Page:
The door dinged once more, and this time the cold air swept in Elder Thane and his young son. The tattlers at the Miller’s Wheel couldn’t decide whether Elder Thane’s boy was backward, or just another ‘queer one’. As always, the boy stared bright-eyed all about the room on some private journey of exploration.
“Have a seat, Elder,” Elan said. “I won’t be long. The vicar is just finishing.”
“No, Tendril. I came to hear what you’ve decided.”
Elan let his scissors fall to his side. How could he describe what had happened at yesterday morning’s worship? It had been so momentous, so personal, that words failed him.
Words didn’t fail Ferney: by the time the news had reached the Miller’s Wheel it had been condensed into a set of easy-to-remember quips. “His pastor up and said he ‘saw the light’ and become one a’ those jumpin’ penta-costal fellers,” he said.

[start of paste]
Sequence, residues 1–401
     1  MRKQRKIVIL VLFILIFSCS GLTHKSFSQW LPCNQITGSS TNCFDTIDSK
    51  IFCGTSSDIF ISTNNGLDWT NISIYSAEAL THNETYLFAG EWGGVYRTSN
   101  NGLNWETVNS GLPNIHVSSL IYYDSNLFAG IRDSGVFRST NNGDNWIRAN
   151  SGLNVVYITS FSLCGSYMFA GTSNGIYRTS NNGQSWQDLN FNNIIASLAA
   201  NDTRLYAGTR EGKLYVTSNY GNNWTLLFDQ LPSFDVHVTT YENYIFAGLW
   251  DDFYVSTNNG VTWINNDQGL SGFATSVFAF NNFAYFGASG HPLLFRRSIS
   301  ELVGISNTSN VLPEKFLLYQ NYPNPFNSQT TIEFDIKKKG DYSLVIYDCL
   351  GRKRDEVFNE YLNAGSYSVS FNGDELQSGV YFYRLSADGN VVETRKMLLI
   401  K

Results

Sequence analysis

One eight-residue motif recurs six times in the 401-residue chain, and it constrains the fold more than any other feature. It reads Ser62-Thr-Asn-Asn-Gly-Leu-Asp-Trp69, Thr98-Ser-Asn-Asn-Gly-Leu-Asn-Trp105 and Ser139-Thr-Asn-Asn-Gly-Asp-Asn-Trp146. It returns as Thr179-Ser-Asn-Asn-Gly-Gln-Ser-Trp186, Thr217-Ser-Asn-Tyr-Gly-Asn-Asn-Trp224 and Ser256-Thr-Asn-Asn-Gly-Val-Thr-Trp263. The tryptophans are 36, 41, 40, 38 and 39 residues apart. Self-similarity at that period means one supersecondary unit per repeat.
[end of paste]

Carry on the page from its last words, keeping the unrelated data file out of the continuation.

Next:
“Is that so?” the vicar said, carefully avoiding condoning or condemning what Ferney had said.
“The church board gone and de-frocked him right then and there. Now they got no pastor. I always knew he was a queer one.”
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The bell on Tendril’s Barbershop dinged as a gust of cold air swept in, followed by an elderly man in a ragged brown coat. He paused at the entrance, not heeding the cold behind him, while the lenses of his spectacles turned white with fog.
“Good morning, Mister Ferney,” Elan said, as he stepped over to shut the door.
Devon Ferney managed to untangle his spectacles from his weathered face. He started wiping them against his old wool scarf, blinking all the while like a newborn kitten.
“God sure gone and mixed himself up this year!” he snorted. “Thaw in January to wake garden bulbs, now this! in March!”